• I should've clarified, that was the last planet she visited so if she just relogs we would be in the same planet. But we have one gaming PC and we share it so that's not doable. I've read about the Birthday Paradox applied here, but those odds are actually small enough for two random people to discover the same planet, let alone two people who knew each other beforehand in a 100 billion planets pool. I am no mathematician so I don't know the hard-data probability, but seems odd.
– lima
Aug 15, 2016 at 18:04
• The odds of you both knowing each other are lower. But if you are on the same computer there is probably something in the install that keeps your spawn points closer together than you would see on two different computers. Aug 15, 2016 at 18:18
• You as a player need something that determines where you start in the world called a "seed." It is possible that since you are using the same computer as your g.f that you are both sharing the same seed. This could potentially start you in very similar sectors of the universe/galaxy. It is all speculation though. I honestly don't know. Aug 15, 2016 at 18:24
• @fandelost The seed has to be generated locally, otherwise people playing offline would have nothing to explore. How that seed is determined is anyone's guess; however, there does seem to be a strong possibility that using the same device as another player will give you similar spawns. Aug 15, 2016 at 18:50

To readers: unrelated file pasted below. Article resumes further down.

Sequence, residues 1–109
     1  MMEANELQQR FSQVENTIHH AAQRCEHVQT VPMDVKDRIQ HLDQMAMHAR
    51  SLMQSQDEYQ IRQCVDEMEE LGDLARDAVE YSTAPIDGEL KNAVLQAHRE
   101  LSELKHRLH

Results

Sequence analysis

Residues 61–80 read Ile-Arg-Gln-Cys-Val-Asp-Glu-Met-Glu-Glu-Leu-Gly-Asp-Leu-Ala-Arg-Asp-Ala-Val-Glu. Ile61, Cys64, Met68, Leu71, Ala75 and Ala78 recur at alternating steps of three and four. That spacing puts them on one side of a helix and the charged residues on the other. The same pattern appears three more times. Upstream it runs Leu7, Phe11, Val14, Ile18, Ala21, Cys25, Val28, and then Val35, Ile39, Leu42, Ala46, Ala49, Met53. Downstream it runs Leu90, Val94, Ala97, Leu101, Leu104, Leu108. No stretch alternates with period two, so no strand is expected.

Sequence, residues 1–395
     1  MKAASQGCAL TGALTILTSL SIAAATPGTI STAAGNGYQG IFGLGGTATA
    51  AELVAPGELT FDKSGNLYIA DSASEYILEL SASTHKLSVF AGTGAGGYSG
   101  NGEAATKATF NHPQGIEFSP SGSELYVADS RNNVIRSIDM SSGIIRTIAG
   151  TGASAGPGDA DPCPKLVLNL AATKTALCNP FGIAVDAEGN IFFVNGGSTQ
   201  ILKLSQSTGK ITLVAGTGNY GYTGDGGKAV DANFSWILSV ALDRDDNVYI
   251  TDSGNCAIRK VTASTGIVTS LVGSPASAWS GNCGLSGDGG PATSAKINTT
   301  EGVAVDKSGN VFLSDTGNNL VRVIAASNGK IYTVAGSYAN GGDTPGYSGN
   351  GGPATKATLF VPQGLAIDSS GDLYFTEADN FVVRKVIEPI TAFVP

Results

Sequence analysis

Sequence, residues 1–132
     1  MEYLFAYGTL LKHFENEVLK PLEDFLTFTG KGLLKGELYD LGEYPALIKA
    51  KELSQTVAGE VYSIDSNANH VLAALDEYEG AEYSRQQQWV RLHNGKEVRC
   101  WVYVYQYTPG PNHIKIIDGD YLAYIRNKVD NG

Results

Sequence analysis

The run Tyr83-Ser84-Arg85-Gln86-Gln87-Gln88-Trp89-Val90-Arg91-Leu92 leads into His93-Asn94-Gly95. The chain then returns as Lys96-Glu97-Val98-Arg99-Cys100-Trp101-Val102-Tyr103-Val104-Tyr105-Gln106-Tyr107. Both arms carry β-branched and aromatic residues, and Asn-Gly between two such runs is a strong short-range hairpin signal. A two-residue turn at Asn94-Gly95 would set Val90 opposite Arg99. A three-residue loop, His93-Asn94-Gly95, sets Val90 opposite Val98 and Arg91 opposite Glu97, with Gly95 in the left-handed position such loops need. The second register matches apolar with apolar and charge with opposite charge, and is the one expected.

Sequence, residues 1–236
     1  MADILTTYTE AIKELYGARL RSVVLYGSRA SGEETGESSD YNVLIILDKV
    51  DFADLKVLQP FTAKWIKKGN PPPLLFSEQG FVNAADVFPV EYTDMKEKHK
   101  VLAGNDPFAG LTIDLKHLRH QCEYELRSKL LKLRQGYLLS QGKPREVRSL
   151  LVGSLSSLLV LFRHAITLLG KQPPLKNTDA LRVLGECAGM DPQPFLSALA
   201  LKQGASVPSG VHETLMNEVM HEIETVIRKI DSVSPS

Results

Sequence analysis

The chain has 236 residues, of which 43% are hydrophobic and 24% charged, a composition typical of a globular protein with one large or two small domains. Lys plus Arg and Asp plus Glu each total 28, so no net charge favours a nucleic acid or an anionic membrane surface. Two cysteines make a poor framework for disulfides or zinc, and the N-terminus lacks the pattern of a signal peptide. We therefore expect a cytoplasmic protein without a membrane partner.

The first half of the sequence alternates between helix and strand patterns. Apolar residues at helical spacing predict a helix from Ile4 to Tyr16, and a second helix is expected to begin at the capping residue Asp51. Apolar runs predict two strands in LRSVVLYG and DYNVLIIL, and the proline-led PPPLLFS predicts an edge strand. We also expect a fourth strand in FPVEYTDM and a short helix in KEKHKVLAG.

• @fandelost Steam requires you to be online in order to authenticate with their own servers (user validation and DRM and such). NMS does not require online connectivity to play, however. If you have the GoG version, you can play completely offline. Aug 15, 2016 at 20:09

On PS4, the 4th system I visited had already been discovered and named by another player. I sent him a message on PSN and he told me that the 2nd system he visited happened to be the 2nd system I had visited. (We were not previously acquainted.)

I have not read anything online about how frequently this is happening, but my suspicion is that the developers decided to make encounters more likely by deciding on a few million possible starting "areas" (i.e. clusters of 100-1000 stars) and then assigning each new player to one of those areas randomly. Either that or they badly screwed up their randomizer. :)

Note that in this case the birthday paradox is not too helpful; sure, the principle is the same, but 1/365 is a massive number compared to 1/18,000,000,000,000,000,000. Every time you place one birthdate on the calendar, you're taking away a sizeable chunk of the possible dates for other people. In No Man's Sky, on the other hand, you could place 10 million (or 100 million, or 1 billion) players on the map and not even notice them. It's like finding the probability of two among 30 people born at the same picosecond.

Now, the fact that players can travel around definitely makes meeting folks way more likely. But this early in the game it still seems weird to me. That's why I feel the developers must have manipulated the starting locations on purpose (or screwed up :).

::edit:: Ok, I missed one of your points about how we're apparently starting in a galaxy that's much much smaller than the total star count. I didn't know that, and if true then it changes the math quite a bit. If there are only 100 billion stars in the starting galaxy then the birthday paradox definitely begins to matter.